The volume and value of Canadian natural gas exports fell last year, according to trade records compiled by the National Energy Board (NEB).

Pipeline deliveries to the United States dropped by 5% to 7.8 Bcf/d in 2018 from 8.2 Bcf/d in 2017. Meanwhile, Canadian gas export revenue shrank by 7% to C$9.6 billion ($7.2 billion) over the same time.

Canadian gas imports from the United States also receded year/year, dropping by 8% to 2.2 Bcf/d in 2018. Similarly, the value of Canadian imports from the Lower 48 declined by 3% to C$3.5 billion ($2.6 billion). 

The 2018 Canadian pipeline exports were also down from 8.1 Bcf/d in 2016, but remained stronger than their volumes of 7.3 Bcf/d in 2014 and 7.4 Bcf/d in 2015.

The NEB’s five-year record registers big gas price and revenue losses by both sides in the cross-border trade between Canada and the United States.

The 2018 Canadian gas export revenue of C$9.6 billion ($7.2 billion) was down by 39% from C$15.7 billion ($11.8 billion) in 2014. Over the same period, the value of Canadian gas imports from the United States dropped almost as fast, going down by 31% to C$3.5 billion ($2.6 billion) in 2018.

The lackluster trade volume and revenue performances inspire the same message in the Canadian oil sector; overseas markets are increasingly crowded with rival supplies of both commodities.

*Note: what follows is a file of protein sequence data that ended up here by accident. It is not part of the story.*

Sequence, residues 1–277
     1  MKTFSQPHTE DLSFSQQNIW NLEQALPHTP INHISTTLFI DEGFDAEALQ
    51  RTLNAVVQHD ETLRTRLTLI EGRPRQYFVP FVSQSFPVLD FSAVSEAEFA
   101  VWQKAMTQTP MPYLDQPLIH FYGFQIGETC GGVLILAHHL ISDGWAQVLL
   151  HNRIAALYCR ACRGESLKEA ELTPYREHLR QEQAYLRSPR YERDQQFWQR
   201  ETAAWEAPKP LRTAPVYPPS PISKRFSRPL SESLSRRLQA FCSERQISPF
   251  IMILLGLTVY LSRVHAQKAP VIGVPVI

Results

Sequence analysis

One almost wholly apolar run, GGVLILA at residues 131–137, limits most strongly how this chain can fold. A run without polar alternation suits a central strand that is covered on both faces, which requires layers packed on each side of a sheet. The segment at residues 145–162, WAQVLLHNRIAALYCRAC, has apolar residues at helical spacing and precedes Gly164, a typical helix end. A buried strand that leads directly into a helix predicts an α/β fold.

Only liquefied natural gas exports would be “capable of altering the Canadian gas outlook for the better,” said Sproule Associates’ Chris Mylde, vice president, who spoke at a recent industry conference held by the University of Calgary’s Haskayne School of Business.

“Canada has potential to be a major player,” said Mylde, whose roles include university instructor and energy price forecaster for the prominent Calgary engineering and earth sciences consulting firm.

Big unconventional gas deposits in Alberta and British Columbia (BC), competitive operating expenses and shorter shipping times to Asia than the U.S. industry at least partly offset higher project construction costs, he said, noting that “Canadian projects stack up pretty well.”

He voiced hope that the first northern Pacific coast export outlet, the LNG Canada project now beginning construction in BC, would aid growth in the Canadian gas industry.